I Can Make A Mess - Enola
Record Label: Rise Records
Release Date: June 11, 2013
Over the last decade, we've watched this scene move from the early 2000's bands we hold dear slip by as new music and their respective movements take over, just as any other generation has witnessed. While most of those bands are reuniting to make 10th anniversary tours clinging to the glory they had, or are stuck in our cd rotation during road trips that make us feel nostalgic, one person has continually worked to put out material time and time again that hasn't disappointed. That man is Ace Enders.
As if The Early November (TEN) reuniting and putting out the solid release In Currents in 2011 wasn't enough, Ace has returned to give us Enola, the free flowing and mature release under the decade old name of I Can Make A Mess. While the name has been cut (no longer including 'Like Nobody's Business'), the effort remains stellar. The opening track of the same title, "Enola", immediately brings back thoughts of the Shins and Iron & Wine, with it's folk sound and upbeat flow complimented with echoing soft lyrics. This track sets the tone for the album as a great opener, combining what we've heard in The World We Know, Gold Rush, and wailing background guitars of TEN.
The flow continues as we hit the electronic girth of the album (tracks 3-6). "Adaptation Cell" is the first standout track on Enola, dropping a summer beat as good as any to chill out with friends on a hot evening night. "Listen Lesson/Keep Away" is the frist track to showcase both a bass line with the electronic feel, and give a little taste to Ace's vocal range. If you've drifted into a relaxed state with the soothing lyrics and casual sound earlier in the record, "Listen Lesson/Keep Away" can ignite a spark to turn the volume a little higher. While "Tidal Wave" may be a weaker track on the album, it gives a solid ending to a section of the album that reiterates the direction Ace has moved in.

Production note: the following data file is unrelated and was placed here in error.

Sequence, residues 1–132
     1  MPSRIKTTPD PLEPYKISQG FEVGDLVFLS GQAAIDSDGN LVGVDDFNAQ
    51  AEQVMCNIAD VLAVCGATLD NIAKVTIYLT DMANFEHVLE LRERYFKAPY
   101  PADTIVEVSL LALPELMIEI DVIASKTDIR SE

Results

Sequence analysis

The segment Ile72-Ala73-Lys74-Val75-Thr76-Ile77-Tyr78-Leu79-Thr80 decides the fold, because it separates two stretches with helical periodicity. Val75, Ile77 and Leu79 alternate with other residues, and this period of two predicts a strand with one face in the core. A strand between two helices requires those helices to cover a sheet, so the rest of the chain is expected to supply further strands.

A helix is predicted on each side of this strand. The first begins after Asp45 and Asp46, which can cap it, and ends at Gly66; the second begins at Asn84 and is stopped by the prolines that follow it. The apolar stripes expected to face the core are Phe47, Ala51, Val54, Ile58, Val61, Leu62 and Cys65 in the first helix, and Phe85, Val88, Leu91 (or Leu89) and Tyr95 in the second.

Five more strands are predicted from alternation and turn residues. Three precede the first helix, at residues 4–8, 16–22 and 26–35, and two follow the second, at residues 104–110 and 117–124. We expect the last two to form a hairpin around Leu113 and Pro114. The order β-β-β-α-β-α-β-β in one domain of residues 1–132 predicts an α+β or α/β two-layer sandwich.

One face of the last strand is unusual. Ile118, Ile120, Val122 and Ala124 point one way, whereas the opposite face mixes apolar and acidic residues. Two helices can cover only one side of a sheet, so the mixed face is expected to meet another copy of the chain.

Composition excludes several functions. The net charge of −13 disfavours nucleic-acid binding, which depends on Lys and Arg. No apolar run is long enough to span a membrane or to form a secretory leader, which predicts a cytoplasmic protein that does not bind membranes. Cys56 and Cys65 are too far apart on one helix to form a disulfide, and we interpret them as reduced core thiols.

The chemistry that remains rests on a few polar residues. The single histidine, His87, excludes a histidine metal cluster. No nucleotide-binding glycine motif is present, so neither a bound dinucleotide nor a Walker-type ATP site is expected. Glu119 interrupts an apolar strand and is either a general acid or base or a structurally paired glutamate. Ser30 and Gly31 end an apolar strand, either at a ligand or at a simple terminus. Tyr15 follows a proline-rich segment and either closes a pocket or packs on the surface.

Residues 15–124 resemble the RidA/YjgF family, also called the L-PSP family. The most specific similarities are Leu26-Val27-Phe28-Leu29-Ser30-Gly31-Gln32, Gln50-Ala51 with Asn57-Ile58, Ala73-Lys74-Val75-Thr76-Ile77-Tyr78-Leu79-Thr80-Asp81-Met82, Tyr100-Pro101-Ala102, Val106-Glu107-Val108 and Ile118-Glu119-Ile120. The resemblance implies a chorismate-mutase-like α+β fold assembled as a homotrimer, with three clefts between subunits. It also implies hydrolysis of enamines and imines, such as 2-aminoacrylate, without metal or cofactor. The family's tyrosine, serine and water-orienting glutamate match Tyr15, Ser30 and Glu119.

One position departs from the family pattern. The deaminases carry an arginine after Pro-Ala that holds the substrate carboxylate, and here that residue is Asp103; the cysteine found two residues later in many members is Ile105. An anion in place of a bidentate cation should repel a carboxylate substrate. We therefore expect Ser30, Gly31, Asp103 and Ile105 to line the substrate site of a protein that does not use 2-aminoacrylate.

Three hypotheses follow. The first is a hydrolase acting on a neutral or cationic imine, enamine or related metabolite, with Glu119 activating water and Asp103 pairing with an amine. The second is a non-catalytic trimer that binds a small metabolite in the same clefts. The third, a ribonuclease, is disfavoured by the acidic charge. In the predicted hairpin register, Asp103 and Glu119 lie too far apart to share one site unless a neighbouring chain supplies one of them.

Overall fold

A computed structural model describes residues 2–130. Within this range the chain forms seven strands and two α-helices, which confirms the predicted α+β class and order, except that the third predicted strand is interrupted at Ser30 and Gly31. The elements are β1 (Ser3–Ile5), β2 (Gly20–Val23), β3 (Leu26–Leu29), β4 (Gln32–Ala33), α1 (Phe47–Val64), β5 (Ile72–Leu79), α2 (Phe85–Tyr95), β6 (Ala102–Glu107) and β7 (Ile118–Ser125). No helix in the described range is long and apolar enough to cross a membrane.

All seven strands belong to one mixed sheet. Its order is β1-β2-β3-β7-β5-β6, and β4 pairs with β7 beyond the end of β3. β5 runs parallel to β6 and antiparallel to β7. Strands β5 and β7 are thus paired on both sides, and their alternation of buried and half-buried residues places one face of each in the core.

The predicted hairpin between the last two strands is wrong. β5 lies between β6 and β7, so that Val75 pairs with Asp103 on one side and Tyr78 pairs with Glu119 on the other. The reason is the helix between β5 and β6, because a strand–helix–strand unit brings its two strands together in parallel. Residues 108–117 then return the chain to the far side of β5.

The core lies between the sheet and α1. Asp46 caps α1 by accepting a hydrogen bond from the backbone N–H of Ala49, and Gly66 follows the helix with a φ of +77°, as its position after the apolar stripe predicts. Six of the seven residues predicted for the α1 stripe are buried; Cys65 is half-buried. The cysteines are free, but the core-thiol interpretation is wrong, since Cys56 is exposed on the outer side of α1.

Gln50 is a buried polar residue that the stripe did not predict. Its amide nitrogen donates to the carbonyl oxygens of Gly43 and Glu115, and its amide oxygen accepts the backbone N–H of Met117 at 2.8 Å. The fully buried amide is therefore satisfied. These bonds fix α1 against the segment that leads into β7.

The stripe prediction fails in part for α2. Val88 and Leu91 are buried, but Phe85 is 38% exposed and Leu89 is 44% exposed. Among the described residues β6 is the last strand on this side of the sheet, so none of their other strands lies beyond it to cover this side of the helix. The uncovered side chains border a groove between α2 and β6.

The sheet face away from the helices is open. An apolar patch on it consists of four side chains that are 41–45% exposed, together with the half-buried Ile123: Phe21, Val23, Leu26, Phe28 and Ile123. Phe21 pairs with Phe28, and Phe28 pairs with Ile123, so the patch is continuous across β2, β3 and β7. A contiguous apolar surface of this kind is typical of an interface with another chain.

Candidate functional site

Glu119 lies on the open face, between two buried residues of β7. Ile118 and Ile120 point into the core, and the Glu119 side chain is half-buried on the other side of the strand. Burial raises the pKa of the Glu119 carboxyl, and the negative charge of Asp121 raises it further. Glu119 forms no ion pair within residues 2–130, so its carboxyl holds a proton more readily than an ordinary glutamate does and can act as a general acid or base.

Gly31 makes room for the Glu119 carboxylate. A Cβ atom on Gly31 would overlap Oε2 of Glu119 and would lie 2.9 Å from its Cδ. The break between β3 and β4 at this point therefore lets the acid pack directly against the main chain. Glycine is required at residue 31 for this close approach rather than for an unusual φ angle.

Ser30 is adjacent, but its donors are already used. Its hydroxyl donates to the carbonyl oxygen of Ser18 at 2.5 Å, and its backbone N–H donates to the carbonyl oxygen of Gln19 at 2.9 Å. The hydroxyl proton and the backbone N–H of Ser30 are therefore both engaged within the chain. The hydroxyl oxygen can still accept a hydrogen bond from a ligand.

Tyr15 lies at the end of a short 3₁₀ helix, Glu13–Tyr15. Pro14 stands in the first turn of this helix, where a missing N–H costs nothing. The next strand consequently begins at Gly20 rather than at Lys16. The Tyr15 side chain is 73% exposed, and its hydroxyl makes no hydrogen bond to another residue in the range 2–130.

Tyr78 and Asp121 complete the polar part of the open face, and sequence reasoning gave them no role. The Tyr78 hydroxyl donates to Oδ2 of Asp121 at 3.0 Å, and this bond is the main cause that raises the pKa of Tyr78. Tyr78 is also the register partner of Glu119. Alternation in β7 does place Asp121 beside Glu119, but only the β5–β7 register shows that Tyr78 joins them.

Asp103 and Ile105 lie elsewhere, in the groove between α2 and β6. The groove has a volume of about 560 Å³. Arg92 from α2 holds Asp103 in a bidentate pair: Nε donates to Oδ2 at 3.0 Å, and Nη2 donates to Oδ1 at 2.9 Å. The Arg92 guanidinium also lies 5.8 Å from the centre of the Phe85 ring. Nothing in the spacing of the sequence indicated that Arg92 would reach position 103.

Lions is the pinnacle of what Ace Ender's had come to be as a musician. Drawing us in with silky picking of acoustic notes as the track builds into a waterfall of crashing symbols, a vocal range unmatched by others in the scene, and lyrics that articulate personal desire "I would rule like a lion/ just go off like a cannon/but I'll run like a coward", "]Lions" makes you can't wait until the second chorus comes belting back soaked in guitar delay and excellent production of acoustic strumming and marching drums.
We're brought back down to earth with "Ancient Crows", another electronic backed song with anthemic style vocals and again, a great beat. The album begins to conjure up an image of the Shins, Jack Johnson, Bright Eyes' Digital Ash, sprinkled with love from Ace. While the album beings to drag a bit through this trio of songs, the album ends up right back where it started with "Thin White Line". Struck in the same Key as "Enola", it gives a feeling of closure and comfort that Ace's songs seem to induce. As the track fades into more guitar delay, echoing lyrics of helping us sleep at night, we're reminded why we come back to Ace in any form (TEN, Ace Enders & A Million Different People, I Can Make A Mess). Each track seems familiar and progressive at the same time, and the immediate recognition of a solid record will keep us coming back, and hoping for more out of Ace, through any outlet.
Which musicians should we support financially in the ever flowing river of music in this digital age? Why do we 20 something's keep holding onto the sounds we heard during the 2000-2005 era of this scene? Ace reminds us that those musicians didn't quit when Drive-Thru folded up shop and find a 9-5. I Can Make A Mess is the name given to what one of our, dare I say close friends, and what he loves to do...write great music. We've brought that familiar acoustic and comforting sound into our homes and cars for over a decade now, and there's no reason Enola should stop that now.